Photo by Bob Baikauskas
The Death Valley Photo Club Field Trip – March 6 – 11, 2017
Planners Kathy Houston, Charlie Schuman, Truman Holtzclaw, Les Thomas and others organized a very interesting trip. Thirty people signed up. While we anticipated wildflowers, we saw only a few wildflowers, quite a contrast with the super-bloom of 2016. But many other photographic opportunities presented themselves.
Darwin Falls by Bill Kress
A few of the interesting places we visited in Death Valley
The Racetrack Playa and The Grandstand. Just under 30 miles on the roughest road you may ever have traveled (hopefully with a rented jeep with special tires) is a flat wonderland of moving (wind-driven) rocks. Worth the trip and steep jeep rental charges.
Darwin Falls. After a 3-mile bumpy dirt road ride and a half-hour hike over some large rock formations, we found these beautiful falls. A worthwhile trip. If you’re very agile, the second falls further up may be worthwhile.
Ubehebe and Little Ubehebe Craters. Surprisingly large.
Mesquite Dunes. Good morning/afternoon low-sun photo opportunities.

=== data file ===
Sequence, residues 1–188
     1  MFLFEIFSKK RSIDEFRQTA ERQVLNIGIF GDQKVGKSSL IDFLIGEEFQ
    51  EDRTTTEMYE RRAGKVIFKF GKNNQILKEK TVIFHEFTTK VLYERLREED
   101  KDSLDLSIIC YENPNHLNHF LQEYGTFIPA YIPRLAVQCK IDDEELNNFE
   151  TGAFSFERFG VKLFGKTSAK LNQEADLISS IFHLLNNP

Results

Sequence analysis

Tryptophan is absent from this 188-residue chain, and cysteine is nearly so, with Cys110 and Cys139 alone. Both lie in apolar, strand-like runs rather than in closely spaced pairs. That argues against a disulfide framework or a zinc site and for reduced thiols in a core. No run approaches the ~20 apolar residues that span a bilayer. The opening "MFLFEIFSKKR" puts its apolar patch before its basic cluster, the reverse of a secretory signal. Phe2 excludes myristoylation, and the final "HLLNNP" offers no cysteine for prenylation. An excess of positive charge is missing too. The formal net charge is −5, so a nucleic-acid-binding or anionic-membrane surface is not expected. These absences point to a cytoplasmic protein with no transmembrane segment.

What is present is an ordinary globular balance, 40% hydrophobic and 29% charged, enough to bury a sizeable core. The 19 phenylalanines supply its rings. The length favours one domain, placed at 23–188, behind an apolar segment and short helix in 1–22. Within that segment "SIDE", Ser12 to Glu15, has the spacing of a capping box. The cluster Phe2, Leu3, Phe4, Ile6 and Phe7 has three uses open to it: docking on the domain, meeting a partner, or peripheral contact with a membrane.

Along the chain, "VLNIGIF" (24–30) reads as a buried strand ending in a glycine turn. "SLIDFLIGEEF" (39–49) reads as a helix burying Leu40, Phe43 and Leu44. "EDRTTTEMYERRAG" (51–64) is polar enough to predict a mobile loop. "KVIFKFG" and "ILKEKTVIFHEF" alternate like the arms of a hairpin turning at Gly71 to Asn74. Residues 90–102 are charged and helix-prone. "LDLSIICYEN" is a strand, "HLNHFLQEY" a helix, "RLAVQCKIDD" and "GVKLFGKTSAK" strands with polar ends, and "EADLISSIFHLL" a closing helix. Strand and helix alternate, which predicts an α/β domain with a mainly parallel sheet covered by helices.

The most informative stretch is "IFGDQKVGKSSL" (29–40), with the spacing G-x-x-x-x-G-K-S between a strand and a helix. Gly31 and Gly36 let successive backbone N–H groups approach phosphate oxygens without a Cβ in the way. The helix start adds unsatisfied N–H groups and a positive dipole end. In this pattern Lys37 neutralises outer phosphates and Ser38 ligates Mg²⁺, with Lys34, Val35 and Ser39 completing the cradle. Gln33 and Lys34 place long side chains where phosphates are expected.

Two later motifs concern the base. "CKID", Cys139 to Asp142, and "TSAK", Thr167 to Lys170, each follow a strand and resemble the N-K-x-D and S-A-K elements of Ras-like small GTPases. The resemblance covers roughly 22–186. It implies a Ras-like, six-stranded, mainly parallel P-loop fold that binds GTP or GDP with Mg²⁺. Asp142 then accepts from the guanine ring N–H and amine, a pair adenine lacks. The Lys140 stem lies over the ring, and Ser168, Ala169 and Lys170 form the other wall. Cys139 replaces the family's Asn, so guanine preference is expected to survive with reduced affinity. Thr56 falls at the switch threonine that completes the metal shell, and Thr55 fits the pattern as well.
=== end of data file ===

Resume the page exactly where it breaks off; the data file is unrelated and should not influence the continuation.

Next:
Teakettle Junction. We photographed our tea kettle there and brought it back with us.
Mushroom Rock. An unusual formation near State Road 190 just south of Furnace Creek
Furnace Creek Visitor’s Center. Interesting topographic map of the entire Death Valley area.
Golden Canyon. Nice walk with beautiful stones on the walls. Interesting mud cracks in the flats on the opposite side of Rt. 190
Ballarat An old ghost town with old buildings and some strange people. An old car and a pickup truck provided interesting photos.
Below are some of the planning materials Les Thomas provided during the two pre-trip planning meetings.
Food & Dining
Presentations, Geology, etc
Death Valley Warning
Resources and References
Safety and Security
Flowers of Death Valley
Death Valley National Park 2016
Wildflower season at Death Valley starts in January or February at the lower elevations and extends to May and June at the highest elevations. The timing and quantity of wildflowers is dependent upon the amount of rainfall received in preceding months. During the El Niño weather pattern, with rains during the previous fall and winter, wildflowers of Death Valley can be spectacular. However, this is the exception. The spring of 2016 was a El Niño year and the desert bloomed accordingly.
The DesertUSA website is a useful resource, and describes recent conditions as observed by hikers and photographers.
Beautiful vistas and landscapes can be seen from Zabriskie Point, Dantes View, the Sand Dunes near Stove Pipe Wells, and many other locations.
DesertUSA Death Valley Wildflower Reports, Click HERE
National Park Service Map of Death Valley